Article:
Next, I throw in the halved glace cherries and slivered almonds and it’s into the tin. More slivered almonds are sprinkled on top, and the Christmas Cake has finally made it into the oven.

Strange how there’s still so much mixture left behind!

Of course, some of that has been put aside for the mini Christmas cakes I make for my Dad. Dad has a pathological aversion to cinnamon so I always make him his own. My Dad looks very much like John Cleese playing Basil Fawlty in Fawlty Towers. So, it’s a wise move to keep him happy, as we don’t have Manuel on hand to keep him in check.

However, it also seems like such a waste to cook all of that scrummy mixture, especially when it’s only going to become Christmas Cake.

Funny that I could ever deride the sacred Christmas Cake!

How soon I forget! Three years ago, I had a round of chemo to treat my auto-immune disease starting the week before Christmas. Indeed, I literally was singing: “all I wanted for Christmas is chemo” in my head that year. After all, without the chemo, I wouldn’t be here now. So, despite its hardships, it was more of a celebration than an ordeal.

This is where the Christmas Cake enters the story. I had three days’ notice before chemo began and do you know what I did in that time? I made my Christmas Cake and I posted my Christmas cards. That’s what was important…along with my family.

I had to remind myself of that this year. Now that the pressure’s off and my health has vastly improved, making the Christmas Cake wasn’t quite happening. Indeed, I only made it last night with 6 sleeps to go. I was really struggling to get myself moving!

That’s also because I’m not a huge lover of fruit cake. Indeed, if it wasn’t for Christmas, I’d never make any kind of fruit cake. I much prefer chocolate cake and have been known to mix the boiled fruits in with a chocolate cake mix before. That was yum! The boiled fruits also mix in well with ice cream. Indeed, the boiled fruits can be very versatile, if you’re willing to let go of tradition heading into the great unknown.

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Photographed with Santa aged 6. Unfortunately, the photo needs a spruce up.

I’m not quite there yet. I still need a slice of Christmas Cake with my cup of tea and my parents particularly love this Christmas Cake. After all, I make my mother’s recipe, which she adopted from her university friend Deirdre. They go back a long way and so does this Christmas Cake. I’ve been eating it for something like 47 years now. It’s a keeper and I hope my kids continue to  make it wherever they are and whatever their world is like when they grow up. Who knows where they’ll be in 47 years? Yet, like any parent, I just want them to be happy (which is often the most elusive “achievement” of all!)

You can find the recipe and a previous post about the Christmas Cake here.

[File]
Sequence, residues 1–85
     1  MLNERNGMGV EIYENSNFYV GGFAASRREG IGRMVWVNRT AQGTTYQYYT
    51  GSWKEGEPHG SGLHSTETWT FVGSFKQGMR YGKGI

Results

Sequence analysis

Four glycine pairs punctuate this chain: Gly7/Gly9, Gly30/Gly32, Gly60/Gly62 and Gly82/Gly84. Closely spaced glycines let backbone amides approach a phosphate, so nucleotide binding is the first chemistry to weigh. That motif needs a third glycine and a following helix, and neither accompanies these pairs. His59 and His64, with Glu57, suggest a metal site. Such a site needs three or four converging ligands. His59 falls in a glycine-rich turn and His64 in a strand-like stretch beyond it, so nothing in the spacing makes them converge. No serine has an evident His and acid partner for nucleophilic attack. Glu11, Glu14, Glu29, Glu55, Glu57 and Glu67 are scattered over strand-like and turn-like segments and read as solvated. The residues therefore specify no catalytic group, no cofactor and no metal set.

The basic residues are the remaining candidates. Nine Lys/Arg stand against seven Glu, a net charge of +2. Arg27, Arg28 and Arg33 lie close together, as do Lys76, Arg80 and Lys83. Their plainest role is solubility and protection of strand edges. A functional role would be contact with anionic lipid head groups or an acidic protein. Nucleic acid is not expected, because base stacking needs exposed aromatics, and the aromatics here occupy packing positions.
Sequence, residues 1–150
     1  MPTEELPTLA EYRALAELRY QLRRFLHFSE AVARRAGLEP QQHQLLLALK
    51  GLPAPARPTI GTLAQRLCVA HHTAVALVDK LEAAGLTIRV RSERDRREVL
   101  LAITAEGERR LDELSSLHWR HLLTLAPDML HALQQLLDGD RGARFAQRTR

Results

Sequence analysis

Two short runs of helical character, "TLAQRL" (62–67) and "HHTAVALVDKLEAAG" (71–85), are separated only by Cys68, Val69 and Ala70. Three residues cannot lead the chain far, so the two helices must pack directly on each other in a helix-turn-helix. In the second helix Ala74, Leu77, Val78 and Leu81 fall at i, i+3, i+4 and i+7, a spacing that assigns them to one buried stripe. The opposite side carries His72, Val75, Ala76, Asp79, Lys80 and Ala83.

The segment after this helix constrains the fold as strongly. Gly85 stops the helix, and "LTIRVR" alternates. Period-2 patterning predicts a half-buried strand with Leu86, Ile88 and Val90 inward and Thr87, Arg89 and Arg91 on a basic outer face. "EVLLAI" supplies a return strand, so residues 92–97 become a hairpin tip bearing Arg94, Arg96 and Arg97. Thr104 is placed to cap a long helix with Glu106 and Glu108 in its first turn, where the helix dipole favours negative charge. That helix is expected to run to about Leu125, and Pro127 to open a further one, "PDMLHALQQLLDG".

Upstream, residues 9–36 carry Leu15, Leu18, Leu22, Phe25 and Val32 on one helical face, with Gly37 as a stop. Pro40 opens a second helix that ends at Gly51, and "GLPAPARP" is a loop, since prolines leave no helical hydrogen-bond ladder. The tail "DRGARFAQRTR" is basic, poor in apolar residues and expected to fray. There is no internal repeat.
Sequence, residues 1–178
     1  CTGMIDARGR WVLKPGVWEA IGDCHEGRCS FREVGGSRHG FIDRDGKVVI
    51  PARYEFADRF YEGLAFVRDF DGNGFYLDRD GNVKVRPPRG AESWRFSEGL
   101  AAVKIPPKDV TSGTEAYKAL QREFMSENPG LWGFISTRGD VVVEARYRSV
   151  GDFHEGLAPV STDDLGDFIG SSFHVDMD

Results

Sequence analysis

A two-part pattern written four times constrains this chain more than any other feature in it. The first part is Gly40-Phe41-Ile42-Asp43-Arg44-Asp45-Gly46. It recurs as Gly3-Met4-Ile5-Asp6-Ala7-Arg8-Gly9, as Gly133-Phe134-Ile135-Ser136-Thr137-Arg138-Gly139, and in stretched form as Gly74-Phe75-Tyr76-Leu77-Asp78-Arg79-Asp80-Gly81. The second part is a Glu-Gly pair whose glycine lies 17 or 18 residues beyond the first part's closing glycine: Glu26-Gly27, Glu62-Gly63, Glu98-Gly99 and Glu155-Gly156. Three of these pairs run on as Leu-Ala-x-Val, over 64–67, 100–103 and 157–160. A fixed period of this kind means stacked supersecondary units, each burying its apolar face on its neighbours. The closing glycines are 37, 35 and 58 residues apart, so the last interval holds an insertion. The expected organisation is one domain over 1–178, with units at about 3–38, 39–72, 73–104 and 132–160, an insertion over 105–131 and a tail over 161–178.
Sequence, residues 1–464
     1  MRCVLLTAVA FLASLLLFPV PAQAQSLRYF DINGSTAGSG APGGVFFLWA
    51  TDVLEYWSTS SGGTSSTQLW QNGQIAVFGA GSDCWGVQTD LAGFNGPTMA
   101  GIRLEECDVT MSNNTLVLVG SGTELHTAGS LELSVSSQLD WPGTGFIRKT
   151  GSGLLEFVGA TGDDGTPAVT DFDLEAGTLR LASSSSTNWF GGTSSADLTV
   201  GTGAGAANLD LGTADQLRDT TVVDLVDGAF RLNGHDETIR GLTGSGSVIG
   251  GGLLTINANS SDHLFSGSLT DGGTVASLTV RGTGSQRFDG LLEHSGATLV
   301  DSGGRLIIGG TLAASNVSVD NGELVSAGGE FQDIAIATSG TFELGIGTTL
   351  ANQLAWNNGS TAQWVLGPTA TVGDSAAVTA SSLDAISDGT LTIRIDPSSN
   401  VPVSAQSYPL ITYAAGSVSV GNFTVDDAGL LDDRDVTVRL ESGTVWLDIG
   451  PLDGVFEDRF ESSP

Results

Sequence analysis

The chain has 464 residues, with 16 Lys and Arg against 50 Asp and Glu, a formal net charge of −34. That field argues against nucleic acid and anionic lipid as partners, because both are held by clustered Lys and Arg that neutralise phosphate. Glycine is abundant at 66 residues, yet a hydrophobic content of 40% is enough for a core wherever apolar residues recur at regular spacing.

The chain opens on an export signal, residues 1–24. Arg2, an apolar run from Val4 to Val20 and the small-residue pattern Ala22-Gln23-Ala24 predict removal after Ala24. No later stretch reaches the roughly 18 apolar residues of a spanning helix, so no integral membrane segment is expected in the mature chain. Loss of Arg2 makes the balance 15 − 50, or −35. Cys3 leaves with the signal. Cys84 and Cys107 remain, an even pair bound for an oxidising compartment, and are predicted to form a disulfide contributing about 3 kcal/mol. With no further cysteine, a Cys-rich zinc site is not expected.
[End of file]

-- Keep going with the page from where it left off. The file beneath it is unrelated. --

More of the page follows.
You might also enjoy reading about Christmas Cakes: here. I found it a very interesting read.

Do you have any Christmas baking traditions? If so, I’d love to hear all about them and feel free to share your recipes.

Love & Christmas Blessings,

Rowena

Challenged By My Mini Chef.

Our kids are currently on school holidays and yesterday, my 10 year old daughter issued me with a “Mystery Box Challenge”.

A what?

If you haven’t been watching Masterchef, a Mystery Box Challenge involves mixing what can seem a very erroneous combination of ingredients, into more than a “concoction” or worse still, a “mixture”. Speaking of mixtures, my kids have been very good at wasting swags of ingredients making mixtures over the years so I’m not so keen on mixtures!

Yet, there was that excitement in her voice and before I knew it, she’d lured me in. I have to admit I was more than a little curious about whether we could take any four ingredients and make something worth eating…or not?

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Our daughter with our dog, Lady  who is a keen consumer of just about any food-like substance.

At the same time, all that really mattered was her smile, spending time together and knitting memories together into some kind of never-ending spangled scarf.

With all of that at stake, who cares whether ingredients get wasted, frying pans and saucepans BURN or even if the kitchen goes up in flames…just as long as nobody gets hurt?!!

Getting back to the challenge, it appears Miss has the whole thing sorted and I’m told that we each get a mystery box containing four ingredients, an open pantry and we decided to leave our staples in the fridge. By the way, if you’re thinking that “staples” are those  metal things you push through paper, you’d be wrong. These are your cooking staples such as eggs, milk, flour and butter.

So, the adventure begins with selecting the four ingredients for my daughter’s Mystery Box. When it came to choosing these ingredients, I decided to be kind. She is an incredibly picky eater and is the incarnation of the Princess and The Pea. So, I gave her a Granny Smith apple, toasted muesli and honey. I half expected her to mix it with Greek yogurt to make what she calls a parfait, which she’d made a few times before.

However, she had other plans…